09 September 2008

The War of the Three Henries (1584-88) - Part 1

To avoid confusion, a quick note on the Henris involved. There's far more that could be said about each of them, of course, but what follows is a quick summary of their lives up to 1584: Henri de Guise (born 1550)

This Henri (hereafter referred to as "de Guise" to avoid confusion) was born to Francis de Guise, one of the uncles of Marie Stuart (Mary I of Scotland). A very zealous Catholic, de Guise was one of the instigators and leaders of the St. Bartholomew's Day Massacre, and leader of the Catholic League.[1] He was not what would be considered a terribly nice man -- a number of witnesses report him positively rejoicing in the slaughter of Huguenots.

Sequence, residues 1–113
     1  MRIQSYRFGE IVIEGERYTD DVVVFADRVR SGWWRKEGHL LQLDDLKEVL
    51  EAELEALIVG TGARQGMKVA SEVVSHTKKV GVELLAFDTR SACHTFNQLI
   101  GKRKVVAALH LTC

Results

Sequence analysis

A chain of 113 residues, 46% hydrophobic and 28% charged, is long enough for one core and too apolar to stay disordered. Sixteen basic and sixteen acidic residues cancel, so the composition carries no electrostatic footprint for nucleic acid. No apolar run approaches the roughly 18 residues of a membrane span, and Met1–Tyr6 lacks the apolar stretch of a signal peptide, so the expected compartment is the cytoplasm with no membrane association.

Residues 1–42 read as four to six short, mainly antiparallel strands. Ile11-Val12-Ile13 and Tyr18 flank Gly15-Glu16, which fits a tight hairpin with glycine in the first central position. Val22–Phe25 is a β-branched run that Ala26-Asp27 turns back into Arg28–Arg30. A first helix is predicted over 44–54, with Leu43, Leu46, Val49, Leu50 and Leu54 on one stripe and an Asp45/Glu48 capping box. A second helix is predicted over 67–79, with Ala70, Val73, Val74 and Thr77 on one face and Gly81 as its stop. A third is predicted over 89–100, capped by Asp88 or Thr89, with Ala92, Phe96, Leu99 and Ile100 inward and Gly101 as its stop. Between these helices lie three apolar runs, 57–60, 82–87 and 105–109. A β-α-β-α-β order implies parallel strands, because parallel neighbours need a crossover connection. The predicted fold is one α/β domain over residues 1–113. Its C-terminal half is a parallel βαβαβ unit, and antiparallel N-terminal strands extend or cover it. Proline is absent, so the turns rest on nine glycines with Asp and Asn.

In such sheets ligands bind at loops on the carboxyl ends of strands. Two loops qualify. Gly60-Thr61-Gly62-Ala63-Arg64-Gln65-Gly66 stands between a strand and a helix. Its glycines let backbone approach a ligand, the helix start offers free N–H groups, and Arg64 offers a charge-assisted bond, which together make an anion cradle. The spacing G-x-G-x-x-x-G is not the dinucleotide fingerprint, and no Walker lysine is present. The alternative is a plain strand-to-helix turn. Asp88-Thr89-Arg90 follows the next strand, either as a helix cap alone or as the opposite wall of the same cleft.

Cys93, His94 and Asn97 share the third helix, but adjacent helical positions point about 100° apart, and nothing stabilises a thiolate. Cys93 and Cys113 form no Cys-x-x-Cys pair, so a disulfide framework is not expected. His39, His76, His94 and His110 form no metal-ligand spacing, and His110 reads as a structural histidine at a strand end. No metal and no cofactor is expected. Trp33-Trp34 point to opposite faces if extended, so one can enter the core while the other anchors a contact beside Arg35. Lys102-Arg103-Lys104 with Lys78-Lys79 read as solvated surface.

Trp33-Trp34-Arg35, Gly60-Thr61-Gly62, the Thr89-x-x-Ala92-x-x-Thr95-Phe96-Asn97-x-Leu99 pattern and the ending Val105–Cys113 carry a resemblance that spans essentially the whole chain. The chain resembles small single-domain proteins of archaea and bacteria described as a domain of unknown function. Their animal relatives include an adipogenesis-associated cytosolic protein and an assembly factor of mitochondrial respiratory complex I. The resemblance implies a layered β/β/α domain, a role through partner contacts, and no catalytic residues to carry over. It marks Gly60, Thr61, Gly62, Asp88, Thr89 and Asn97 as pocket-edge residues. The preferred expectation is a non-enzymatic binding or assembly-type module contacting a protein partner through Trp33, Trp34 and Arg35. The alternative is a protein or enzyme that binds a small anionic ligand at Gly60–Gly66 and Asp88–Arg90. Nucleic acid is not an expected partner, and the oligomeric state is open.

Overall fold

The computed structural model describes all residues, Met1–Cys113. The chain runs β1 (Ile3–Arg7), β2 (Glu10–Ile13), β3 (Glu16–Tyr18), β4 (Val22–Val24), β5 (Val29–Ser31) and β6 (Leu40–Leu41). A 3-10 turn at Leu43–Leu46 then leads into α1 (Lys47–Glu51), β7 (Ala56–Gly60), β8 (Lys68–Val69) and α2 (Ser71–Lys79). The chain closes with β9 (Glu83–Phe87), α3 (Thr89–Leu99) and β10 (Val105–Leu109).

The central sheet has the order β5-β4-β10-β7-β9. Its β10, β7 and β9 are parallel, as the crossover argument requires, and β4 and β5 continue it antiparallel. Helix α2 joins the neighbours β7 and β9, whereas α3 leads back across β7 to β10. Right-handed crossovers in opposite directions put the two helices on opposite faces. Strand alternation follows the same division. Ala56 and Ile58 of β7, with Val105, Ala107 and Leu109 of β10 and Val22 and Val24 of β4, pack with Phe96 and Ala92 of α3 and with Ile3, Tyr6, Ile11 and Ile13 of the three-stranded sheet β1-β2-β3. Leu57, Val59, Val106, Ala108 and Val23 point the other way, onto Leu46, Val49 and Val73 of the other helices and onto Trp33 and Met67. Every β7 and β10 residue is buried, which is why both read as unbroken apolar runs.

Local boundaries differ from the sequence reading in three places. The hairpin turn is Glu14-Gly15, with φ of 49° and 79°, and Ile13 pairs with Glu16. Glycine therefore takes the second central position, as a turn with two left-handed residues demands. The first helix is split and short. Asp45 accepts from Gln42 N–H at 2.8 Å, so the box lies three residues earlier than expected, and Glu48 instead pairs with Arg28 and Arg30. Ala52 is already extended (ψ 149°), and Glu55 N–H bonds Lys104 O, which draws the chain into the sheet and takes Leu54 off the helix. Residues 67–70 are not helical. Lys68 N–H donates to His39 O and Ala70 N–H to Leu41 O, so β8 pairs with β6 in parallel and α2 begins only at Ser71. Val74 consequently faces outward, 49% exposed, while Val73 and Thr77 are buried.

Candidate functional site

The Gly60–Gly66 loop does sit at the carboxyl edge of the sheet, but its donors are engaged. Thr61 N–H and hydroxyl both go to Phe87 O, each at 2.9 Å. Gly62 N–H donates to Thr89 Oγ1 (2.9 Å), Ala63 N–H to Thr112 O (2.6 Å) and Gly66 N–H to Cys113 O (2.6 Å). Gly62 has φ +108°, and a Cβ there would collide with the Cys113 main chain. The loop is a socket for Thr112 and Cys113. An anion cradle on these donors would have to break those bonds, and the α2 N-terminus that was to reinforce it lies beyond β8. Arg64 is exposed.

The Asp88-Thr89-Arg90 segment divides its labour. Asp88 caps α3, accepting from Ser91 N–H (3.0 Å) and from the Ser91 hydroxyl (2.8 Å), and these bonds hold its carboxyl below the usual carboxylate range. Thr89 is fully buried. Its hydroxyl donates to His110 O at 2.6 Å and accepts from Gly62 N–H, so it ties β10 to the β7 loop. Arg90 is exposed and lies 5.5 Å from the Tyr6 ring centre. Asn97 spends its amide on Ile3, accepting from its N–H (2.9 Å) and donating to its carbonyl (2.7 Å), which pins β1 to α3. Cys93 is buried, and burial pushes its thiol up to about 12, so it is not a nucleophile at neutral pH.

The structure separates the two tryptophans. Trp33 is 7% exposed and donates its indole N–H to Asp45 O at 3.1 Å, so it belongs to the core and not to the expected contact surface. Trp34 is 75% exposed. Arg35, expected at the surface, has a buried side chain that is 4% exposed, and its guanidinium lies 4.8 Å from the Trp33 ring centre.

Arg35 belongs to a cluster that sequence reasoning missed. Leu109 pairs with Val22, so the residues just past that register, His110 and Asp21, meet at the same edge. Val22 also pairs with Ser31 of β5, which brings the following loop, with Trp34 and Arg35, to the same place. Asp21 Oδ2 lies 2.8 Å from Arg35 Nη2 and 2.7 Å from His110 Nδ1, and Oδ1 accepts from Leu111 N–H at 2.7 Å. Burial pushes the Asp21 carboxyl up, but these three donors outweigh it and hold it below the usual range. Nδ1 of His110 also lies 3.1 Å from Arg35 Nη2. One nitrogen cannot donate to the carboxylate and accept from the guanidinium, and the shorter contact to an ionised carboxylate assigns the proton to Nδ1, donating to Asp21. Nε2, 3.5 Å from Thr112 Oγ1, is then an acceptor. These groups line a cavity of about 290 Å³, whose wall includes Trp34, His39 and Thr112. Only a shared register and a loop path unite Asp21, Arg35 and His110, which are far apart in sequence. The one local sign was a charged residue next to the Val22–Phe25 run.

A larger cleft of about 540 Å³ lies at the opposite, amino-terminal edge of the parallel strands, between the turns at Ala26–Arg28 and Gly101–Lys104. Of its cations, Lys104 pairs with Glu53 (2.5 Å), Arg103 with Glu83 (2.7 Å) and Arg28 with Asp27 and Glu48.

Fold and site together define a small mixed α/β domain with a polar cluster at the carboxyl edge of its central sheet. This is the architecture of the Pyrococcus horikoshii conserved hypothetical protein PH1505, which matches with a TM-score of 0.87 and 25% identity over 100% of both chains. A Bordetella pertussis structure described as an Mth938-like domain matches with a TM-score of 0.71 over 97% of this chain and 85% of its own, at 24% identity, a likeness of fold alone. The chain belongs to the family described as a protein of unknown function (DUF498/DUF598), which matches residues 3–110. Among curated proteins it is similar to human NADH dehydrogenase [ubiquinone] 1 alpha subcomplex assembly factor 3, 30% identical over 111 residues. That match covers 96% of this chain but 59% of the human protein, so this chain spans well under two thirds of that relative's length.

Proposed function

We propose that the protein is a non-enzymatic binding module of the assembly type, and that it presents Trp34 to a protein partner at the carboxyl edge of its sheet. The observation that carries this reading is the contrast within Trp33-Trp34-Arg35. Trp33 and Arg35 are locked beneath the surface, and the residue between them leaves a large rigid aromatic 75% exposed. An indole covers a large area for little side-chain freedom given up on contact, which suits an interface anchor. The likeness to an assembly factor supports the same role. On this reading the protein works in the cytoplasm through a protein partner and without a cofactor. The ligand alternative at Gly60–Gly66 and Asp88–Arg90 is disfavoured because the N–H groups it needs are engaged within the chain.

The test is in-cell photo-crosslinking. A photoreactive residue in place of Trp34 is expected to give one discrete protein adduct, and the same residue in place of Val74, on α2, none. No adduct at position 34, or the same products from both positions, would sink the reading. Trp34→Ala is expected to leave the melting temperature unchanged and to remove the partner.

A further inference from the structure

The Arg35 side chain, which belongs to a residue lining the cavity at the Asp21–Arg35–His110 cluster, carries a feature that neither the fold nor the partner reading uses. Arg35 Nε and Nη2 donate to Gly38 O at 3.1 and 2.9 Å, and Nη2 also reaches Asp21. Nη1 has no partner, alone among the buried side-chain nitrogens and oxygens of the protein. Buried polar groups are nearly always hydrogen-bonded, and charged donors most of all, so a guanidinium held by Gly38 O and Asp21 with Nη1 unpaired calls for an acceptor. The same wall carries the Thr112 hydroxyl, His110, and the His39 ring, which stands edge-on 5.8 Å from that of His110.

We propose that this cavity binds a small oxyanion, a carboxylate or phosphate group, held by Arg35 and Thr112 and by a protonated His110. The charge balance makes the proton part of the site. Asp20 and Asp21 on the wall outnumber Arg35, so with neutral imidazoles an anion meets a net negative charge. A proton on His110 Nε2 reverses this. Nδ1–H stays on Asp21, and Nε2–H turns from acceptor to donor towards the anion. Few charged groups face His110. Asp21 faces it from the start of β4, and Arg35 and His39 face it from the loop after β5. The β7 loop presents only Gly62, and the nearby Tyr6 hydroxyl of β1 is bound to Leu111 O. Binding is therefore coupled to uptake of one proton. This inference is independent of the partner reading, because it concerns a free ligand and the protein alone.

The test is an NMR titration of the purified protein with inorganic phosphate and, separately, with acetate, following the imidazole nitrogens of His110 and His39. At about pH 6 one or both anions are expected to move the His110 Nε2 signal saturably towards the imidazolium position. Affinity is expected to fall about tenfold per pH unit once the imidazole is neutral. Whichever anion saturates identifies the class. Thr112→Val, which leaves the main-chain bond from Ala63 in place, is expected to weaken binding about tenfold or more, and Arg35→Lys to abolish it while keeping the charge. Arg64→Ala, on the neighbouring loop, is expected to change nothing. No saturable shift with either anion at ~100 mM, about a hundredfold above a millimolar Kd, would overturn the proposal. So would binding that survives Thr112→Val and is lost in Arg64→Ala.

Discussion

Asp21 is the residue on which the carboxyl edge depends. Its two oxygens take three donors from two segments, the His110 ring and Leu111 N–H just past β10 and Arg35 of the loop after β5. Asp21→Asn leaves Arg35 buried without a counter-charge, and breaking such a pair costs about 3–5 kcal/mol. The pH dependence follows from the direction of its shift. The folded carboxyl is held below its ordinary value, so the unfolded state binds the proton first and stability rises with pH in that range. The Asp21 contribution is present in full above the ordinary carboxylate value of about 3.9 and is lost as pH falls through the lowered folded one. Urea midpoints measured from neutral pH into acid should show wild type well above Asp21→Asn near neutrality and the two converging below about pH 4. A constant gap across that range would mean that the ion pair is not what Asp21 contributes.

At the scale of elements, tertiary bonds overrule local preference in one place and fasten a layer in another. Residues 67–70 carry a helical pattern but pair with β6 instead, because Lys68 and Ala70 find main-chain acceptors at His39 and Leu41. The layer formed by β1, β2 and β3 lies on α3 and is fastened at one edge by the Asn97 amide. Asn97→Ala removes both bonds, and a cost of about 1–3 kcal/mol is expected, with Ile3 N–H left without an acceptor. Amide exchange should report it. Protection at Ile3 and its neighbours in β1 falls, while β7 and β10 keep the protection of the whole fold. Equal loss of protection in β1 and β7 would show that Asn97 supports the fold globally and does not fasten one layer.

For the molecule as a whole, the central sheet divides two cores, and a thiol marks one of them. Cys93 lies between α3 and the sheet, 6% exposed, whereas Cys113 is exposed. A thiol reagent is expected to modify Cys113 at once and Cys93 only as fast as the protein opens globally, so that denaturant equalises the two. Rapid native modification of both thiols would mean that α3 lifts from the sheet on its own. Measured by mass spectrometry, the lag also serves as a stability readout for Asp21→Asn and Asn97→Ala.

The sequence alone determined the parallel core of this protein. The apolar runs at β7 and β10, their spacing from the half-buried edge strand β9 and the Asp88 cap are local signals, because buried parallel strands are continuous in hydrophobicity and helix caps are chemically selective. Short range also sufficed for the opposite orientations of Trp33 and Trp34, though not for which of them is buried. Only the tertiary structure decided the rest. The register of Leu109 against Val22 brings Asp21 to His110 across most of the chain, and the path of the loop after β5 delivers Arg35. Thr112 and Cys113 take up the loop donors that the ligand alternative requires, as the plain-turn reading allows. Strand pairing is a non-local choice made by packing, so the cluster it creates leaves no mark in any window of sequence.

He was, nonetheless, considered something of a hero to Paris, and his decisiveness, masculine virtues, and military ability were often compared quite favourably to those of Henri de Valois.

Henri de Valois (born 1551)

Although in his youth regarded as the best of Henri II and Catherine d'Medici's sons, this Henri (henceforth referred to as "de Valois" [2]), and was elected King of Poland in 1573. The sister to the previous king, Anna Jagiellon, had strongly influenced the Polish-Lithuanian parliament to elect Henri, with the understanding that they would be married thereafter in order to legitimise his reign. Less than a year after his election as King of Poland, however, Henri secretly left Poland, abandoning that throne in favour of assuming the French throne after his brother's death. Shortly thereafter, Anna herself was elected King of Poland.[3]